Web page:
The Militant(logo) 
    Vol.59/No.35           September 25, 1995 
Event Honors Life Of SWP Leader Mayhew  


NEWARK, New Jersey - Howard Mayhew, a veteran leader of the Socialist Workers Party, had an unshakable confidence in the capacity of working people to change society. For over half a century, from the l930s to the l990s, he was a builder of the Socialist Workers Party and of union, antiracist, and antiwar struggles.

Seventy people attended an August 20 meeting here to celebrate the life and political contributions of this fighter, who died earlier this year at age 86.

SWP leader Elizabeth Stone described how Mayhew's experiences in the l930s depression - "when literally millions of workers around the world were joining in revolutionary and trade union struggles" - won him to a life- long commitment to building a revolutionary party.

"Howard knew that in times of economic crisis, workers will organize and fight," Stone said. "He also knew that for these struggles to be effective, revolutionary leadership is necessary."

Mayhew began to learn this when he first came into contact with socialists in l936 and joined the Socialist Party. Debate in the party focused on Spain, where powerful revolutionary workers' struggles were being crushed by fascists due to misleadership by anarchist, social democratic, and Stalinist forces.

Break from Socialist Party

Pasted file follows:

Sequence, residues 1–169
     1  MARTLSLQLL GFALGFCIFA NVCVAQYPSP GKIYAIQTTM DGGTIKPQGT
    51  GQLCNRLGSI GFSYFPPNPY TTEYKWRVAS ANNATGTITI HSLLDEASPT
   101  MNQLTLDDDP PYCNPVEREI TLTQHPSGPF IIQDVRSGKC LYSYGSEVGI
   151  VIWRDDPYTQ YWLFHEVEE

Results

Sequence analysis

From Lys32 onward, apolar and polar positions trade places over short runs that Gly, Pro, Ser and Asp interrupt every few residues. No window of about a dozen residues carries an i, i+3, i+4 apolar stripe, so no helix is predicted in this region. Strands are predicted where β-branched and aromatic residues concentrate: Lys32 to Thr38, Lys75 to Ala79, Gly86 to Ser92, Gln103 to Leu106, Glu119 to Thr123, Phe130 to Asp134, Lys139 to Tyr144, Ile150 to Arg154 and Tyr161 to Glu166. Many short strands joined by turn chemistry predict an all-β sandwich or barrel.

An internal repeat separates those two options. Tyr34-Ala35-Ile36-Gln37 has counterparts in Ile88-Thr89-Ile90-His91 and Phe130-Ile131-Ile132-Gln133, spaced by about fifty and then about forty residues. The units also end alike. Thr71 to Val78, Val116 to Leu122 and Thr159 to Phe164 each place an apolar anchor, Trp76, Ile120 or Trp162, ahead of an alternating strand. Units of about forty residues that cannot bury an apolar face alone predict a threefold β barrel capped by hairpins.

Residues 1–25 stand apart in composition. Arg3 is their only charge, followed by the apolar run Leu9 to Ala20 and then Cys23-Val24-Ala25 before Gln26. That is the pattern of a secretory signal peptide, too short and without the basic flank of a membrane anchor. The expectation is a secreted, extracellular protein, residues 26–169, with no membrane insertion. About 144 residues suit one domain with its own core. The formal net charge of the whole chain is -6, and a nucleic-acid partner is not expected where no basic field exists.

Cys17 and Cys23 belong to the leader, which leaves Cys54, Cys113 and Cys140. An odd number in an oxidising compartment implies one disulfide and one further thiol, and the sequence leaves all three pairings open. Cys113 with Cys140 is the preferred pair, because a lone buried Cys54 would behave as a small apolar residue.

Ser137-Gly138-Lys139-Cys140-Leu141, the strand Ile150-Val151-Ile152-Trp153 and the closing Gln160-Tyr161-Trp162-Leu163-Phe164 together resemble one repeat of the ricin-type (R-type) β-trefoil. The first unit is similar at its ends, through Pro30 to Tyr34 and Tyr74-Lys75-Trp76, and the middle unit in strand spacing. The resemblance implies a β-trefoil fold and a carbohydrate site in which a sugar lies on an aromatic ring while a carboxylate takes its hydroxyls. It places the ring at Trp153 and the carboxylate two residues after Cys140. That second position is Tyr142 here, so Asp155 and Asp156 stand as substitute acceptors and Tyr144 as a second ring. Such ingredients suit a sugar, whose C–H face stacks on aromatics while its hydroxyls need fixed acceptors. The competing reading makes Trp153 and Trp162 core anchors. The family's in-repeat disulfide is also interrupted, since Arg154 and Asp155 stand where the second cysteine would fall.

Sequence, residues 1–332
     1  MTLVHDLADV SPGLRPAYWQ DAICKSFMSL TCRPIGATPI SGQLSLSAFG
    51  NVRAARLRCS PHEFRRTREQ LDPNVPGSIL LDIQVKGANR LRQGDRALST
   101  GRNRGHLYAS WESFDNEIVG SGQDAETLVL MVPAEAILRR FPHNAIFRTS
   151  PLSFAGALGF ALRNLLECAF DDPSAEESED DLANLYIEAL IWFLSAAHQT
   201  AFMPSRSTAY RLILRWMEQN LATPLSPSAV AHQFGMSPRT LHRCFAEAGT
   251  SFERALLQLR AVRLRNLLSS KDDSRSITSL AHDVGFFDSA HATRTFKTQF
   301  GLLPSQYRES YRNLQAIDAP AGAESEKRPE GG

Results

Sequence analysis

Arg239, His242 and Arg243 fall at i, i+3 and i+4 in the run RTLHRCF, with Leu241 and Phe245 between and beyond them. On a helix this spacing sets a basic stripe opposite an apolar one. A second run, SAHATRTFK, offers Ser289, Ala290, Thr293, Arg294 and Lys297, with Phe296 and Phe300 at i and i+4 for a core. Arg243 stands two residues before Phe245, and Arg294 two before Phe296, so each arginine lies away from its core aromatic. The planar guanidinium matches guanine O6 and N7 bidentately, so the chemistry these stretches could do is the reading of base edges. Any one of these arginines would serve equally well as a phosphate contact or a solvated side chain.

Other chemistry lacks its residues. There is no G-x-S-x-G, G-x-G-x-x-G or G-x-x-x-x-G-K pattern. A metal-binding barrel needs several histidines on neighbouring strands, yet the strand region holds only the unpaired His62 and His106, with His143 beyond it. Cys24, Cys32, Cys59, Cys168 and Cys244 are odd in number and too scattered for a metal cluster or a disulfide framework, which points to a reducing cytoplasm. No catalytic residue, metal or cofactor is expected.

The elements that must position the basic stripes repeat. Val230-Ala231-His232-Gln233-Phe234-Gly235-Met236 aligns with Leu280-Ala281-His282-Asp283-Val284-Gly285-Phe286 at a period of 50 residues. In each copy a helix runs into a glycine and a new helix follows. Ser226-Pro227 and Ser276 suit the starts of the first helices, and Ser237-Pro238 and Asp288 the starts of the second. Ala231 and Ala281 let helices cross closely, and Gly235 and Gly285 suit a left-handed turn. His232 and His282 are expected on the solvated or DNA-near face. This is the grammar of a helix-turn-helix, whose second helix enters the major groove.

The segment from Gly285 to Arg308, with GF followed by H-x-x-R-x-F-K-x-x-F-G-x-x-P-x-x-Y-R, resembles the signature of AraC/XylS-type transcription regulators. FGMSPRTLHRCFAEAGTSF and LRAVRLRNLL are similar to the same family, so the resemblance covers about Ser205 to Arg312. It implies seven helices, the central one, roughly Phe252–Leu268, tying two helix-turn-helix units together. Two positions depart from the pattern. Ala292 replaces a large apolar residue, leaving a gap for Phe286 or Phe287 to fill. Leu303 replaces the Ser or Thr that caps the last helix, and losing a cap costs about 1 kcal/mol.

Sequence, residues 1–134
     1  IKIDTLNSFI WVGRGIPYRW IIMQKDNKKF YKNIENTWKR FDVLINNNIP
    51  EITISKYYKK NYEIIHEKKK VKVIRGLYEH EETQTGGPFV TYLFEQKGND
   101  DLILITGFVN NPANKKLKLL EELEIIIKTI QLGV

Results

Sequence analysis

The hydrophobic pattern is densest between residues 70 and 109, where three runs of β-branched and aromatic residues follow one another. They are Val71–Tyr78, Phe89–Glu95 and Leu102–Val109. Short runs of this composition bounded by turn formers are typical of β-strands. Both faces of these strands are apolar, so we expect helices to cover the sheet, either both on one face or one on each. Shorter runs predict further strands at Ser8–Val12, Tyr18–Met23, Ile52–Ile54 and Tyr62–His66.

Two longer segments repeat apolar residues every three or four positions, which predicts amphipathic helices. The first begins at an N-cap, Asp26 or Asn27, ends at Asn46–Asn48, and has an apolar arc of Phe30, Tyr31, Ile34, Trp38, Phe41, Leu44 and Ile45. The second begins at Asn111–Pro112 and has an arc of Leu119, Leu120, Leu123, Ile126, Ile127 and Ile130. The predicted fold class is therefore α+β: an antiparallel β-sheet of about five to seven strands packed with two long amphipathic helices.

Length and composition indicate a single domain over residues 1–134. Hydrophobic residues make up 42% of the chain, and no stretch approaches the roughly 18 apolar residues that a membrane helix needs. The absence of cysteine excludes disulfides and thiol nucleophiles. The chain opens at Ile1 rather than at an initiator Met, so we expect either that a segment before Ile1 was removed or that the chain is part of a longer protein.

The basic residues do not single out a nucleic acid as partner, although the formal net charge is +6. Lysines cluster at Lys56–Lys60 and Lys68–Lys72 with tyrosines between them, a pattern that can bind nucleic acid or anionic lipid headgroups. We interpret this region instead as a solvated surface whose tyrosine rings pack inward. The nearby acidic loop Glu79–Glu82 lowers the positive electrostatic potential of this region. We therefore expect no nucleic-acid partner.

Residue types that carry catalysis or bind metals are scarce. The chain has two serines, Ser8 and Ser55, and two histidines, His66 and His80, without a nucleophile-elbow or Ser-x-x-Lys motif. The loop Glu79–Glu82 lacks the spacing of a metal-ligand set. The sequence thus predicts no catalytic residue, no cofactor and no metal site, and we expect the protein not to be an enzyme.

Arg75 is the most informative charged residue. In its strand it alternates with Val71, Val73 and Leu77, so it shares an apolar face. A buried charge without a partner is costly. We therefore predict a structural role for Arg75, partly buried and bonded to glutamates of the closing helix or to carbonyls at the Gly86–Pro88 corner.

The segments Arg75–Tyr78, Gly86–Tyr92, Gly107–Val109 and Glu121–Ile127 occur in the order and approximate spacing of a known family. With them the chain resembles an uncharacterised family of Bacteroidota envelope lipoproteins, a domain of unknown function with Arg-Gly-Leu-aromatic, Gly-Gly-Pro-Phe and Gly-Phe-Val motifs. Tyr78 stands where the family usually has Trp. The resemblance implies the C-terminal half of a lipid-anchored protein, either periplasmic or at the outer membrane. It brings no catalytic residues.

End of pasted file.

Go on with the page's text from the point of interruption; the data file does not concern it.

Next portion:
Stone described how Mayhew was one of many younger members who joined the left wing of the Socialist Party and put forward revolutionary positions on Spain and other issues. In l938, after these forces were expelled from the Socialist Party by conservative party leaders, they helped form the Socialist Workers Party.

Shortly after joining the SWP Mayhew faced another decision, Stone pointed out. While working at a newspaper in Chicago he found himself in the middle of an American Newspaper Guild organizing drive. Joining the drive meant putting a job he had held for 10 years at risk, in depression conditions when he had a family to support. Howard threw himself into the battle, Stone said, soon becoming head of an emergency committee to respond to company attacks. He wrote years later that this decision to join the fight was "a fork in the road... that marked the time when I became a revolutionist."

During and following World War II, Mayhew worked at a General Motors locomotive plant in McCook, Illinois, organized by the United Auto Workers union. He helped lead workers at the plant in the nationwide GM strike of l945, which was the biggest strike of the massive post-World War II strike wave.

Stone noted that, like all revolutionaries, Mayhew wanted to be part of big workers' struggles and victories. But, as it turned out, his biggest political contributions were during the l950s and l960s when the workers movement was in retreat in the United States.

Helped build antiracist struggles
Stone explained that as a leader of the Chicago SWP in those years, and as part of a national team of leaders, he helped keep the party going as a fighting, out-turned workers' organization involved in the struggles that were advancing at the time, most importantly antiracist fights.

A high point was the election campaign of Black community activist Rev. Joseph King, which Mayhew helped organize in l958. It was a socialist campaign organized jointly by the SWP; the Washington Park Forum, a predominantly Black organization strongly influenced by the Communist Party; and others. The campaign helped win some members and supporters of the Communist Party, which had been especially strong in the Black community in Chicago, away from the Communist Party's support to capitalist politicians in the Democratic Party.